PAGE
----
One of the most challenging, albeit alluring, aspects of private practice is constructing your own schedule. On the one hand, being able to control your schedule allows for flexibility that cannot be attained in more structured work settings. On the other hand, the temptation to meet every patient’s scheduling needs can lead to working long hours and sometimes with major gaps of time between each patient. While working hours that are less preferable can possibly result in seeing more patients, it can also lead to quick burnout and can even reduce clinical effectiveness if providers do not want to be there. Whether you are just getting started in private practice or have been established for a while, it is important to balance your desire to get patients and build your practice with developing a schedule that is realistic and sustainable over the long-term. What follows are some tips to consider to help you develop a schedule that works for you.
1. Watch your own clock
- Consider how long you want to be at the office (an average workday is 8 hours)
- The high-demand hours in private practice tend to be before and after work. Consider picking “early start” days and “stay late” days. Try to avoid starting early and ending late on the same day, as this could lead to being in the office for 12 hour days.
2. Identify a realistic number of patients you can see in a day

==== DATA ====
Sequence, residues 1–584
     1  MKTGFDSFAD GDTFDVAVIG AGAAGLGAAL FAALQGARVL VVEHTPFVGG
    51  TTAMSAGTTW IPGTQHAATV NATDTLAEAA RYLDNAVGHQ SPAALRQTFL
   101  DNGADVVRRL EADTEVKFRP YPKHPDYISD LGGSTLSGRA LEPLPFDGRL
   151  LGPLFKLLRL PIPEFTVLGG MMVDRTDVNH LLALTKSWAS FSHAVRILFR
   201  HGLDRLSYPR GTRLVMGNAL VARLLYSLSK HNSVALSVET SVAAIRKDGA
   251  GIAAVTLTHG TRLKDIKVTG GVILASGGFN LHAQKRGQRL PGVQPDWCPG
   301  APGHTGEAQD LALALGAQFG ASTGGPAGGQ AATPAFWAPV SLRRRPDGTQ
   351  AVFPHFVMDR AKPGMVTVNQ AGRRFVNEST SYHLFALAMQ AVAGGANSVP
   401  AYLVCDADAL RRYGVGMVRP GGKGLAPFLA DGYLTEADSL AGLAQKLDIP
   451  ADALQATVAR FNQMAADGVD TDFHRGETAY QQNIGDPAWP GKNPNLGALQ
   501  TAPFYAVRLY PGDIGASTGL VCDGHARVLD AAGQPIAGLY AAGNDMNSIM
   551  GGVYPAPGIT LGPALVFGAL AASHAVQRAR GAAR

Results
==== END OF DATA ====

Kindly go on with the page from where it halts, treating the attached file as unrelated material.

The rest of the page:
- Consider how many total patients you can see in a day and still be energetic, focused, and engaged.
- This number varies from person to person, but most say between 5-7 is an ideal number to see in a day.
3. Know your limits
- When do you need a break?
- Some prefer the “power through” approach – seeing patients back-to-back and working shorter days.
- Others prefer the “slow but steady” approach – working longer days but building in breaks between patients.
4. Pick your ideal schedule in advance
- Generate a calendar of your available slots in advance and try to maintain your boundaries by only seeing patients at those specific times.
- Many patients will ask to meet at other times, but if you make too many exceptions, you will end up working much longer hours or seeing more patients than intended.
- If you hold firm on your available slots, patients often find a way to accommodate or you will eventually fill those times with people who can, even if it takes a little longer
- Be willing to make exceptions every now and then
- If you are really interested in working with someone, it might be worth seeing them at a time you would otherwise block off.
5. End sessions on time
- Most providers schedule 50-minute sessions to allow themselves time between sessions to use the restroom, eat a snack, or complete administrative tasks.
- Consider giving your patients a 5 minute warning so they know you are getting ready to wind down the session.
- Many patients appreciate the structure and predictability of ending on time, and the next patients will certainly appreciate your timeliness.
6. Build in time for administrative tasks
- Consider scheduling in time to accomplish the administrative tasks. If you don’t schedule this time during working hours, you will have to make up for it during your personal time, which could lead to burnout.
- Administrative tasks may include: returning calls/emails, writing notes, or preparing for sessions.